LA’s Main Drag

I live by Wilshire Boulevard, in the “Miracle Mile,” which was designed as the country’s first automobile-oriented commercial strip—but which has improved considerably since then, now boasting a WalkScore in the 90s.

While the sidewalks are wide, and new buildings are required to have their front doors on the street, not the parking lot in back, there is still too much traffic, and it’s not, sad to say, very bike friendly.

There are three major strategies employed for bicycling through the Mile. Two are shown in the video snippet below:

The third one is simply to ride on the sidewalk, which around half the riders I see choose.

Nevertheless, a lot of people ride Wilshire these days, either to get through the Mile to someplace else, or to stop at the eateries, shops, and offices that line the street—and the museums and park, of course. A surprising number of people, considering how fast, thick, and rude the motor traffic tends to be. The bike racks are in good use—and there are plenty of them, at least twenty-five sidewalk racks for the mile, plus a wave rack in a parking lot across form LACMA, and a private bike corral in the Wilshire Courtyard building which is always hosting a dozen or more employee bikes.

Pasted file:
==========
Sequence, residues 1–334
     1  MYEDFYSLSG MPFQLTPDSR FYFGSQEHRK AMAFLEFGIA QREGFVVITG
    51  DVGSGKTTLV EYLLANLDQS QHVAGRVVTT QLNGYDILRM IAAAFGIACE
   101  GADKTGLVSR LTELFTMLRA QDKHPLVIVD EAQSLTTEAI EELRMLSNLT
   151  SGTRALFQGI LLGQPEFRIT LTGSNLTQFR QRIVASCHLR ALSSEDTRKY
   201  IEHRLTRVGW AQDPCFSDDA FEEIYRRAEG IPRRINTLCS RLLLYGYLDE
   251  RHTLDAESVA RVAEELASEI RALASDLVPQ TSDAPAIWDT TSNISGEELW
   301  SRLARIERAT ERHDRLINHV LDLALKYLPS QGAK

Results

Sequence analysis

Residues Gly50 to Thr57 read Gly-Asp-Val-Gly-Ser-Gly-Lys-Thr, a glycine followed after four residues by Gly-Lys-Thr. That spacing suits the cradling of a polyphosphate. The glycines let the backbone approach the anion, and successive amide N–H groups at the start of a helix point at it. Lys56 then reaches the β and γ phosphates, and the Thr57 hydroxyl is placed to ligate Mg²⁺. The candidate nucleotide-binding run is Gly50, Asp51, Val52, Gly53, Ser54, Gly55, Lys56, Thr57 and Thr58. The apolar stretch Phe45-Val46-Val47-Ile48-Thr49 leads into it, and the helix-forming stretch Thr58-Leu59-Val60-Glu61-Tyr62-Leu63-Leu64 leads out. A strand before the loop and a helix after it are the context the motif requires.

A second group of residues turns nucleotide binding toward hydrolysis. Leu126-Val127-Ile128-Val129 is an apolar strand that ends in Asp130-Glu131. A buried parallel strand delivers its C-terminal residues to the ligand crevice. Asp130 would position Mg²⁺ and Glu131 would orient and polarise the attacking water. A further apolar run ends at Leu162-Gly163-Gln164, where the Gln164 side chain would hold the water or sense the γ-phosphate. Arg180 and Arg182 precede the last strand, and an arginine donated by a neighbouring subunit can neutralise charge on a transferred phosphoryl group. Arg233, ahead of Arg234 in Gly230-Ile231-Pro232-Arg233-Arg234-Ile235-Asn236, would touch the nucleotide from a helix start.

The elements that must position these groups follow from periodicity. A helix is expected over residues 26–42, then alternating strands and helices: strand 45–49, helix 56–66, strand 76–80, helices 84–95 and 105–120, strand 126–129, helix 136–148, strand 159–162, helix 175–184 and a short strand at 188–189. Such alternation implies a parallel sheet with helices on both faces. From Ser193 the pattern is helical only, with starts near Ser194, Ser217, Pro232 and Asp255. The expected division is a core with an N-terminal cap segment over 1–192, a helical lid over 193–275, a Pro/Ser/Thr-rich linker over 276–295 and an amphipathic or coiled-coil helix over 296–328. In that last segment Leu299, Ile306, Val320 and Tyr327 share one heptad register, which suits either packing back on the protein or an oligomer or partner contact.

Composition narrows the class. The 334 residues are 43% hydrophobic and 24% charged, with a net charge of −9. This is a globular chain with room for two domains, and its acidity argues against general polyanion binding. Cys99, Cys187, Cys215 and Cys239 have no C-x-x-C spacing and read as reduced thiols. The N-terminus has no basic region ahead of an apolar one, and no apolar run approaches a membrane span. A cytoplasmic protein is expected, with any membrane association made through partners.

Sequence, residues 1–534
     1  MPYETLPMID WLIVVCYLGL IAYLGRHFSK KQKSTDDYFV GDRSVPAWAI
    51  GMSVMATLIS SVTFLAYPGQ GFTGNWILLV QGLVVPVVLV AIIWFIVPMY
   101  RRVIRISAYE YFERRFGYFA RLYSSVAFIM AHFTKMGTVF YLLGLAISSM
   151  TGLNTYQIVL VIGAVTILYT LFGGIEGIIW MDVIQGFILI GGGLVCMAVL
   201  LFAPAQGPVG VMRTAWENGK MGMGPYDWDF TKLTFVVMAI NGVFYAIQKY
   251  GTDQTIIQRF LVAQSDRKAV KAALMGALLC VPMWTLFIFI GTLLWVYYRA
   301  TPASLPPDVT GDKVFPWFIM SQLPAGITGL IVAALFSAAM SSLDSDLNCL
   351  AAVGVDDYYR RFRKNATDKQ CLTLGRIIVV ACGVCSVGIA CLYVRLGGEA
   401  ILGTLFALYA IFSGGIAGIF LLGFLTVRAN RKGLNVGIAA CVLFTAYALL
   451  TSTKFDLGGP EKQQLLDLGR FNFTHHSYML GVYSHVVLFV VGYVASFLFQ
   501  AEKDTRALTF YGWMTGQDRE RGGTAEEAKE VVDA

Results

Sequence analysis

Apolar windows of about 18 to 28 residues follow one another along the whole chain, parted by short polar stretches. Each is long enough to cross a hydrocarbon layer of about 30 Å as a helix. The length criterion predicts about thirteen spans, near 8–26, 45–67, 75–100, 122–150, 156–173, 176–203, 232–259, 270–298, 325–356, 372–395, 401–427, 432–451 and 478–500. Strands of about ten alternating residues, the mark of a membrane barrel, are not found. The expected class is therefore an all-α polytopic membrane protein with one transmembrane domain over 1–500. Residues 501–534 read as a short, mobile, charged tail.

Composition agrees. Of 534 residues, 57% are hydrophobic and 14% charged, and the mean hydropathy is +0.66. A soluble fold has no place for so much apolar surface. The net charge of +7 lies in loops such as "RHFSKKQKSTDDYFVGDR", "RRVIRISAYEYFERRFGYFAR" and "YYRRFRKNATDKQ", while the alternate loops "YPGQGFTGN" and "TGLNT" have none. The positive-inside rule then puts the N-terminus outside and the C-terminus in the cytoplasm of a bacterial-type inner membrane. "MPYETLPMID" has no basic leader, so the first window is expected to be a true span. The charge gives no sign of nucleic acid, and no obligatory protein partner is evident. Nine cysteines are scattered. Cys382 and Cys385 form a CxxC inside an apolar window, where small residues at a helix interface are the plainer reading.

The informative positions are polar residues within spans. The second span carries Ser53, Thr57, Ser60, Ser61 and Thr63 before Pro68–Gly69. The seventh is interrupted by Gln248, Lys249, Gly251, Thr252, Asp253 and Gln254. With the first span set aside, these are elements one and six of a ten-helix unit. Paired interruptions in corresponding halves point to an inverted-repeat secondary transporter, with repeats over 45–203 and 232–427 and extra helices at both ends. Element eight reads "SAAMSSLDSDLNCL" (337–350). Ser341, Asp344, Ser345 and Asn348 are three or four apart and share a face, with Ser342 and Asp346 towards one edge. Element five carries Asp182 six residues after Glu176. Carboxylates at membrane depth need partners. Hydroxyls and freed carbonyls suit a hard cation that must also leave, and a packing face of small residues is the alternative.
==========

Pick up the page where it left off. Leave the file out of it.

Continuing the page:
Imagine what bike lanes could do for bicycling on Wilshire, if people are already riding that daunting traffic! And in fact we’ve been promised bus/bike lanes (which have worked well in other places< and were in place on Spring Street downtown before the conversion to a buffered bike lane). However, I believe those will be in effect for rush hour only.

They should be full time. Not just for cyclists, either: Metro’s buses already carry more people down the corridor than all the cars put together, so until the subway is done at least they should have priority.

Meanwhile, LA’s sensible folk are still riding down the Mile in whatever way they can, spilling over from the popular 4th street bike route and heading west to earn and spend their money.

Someday the city will catch up to us.

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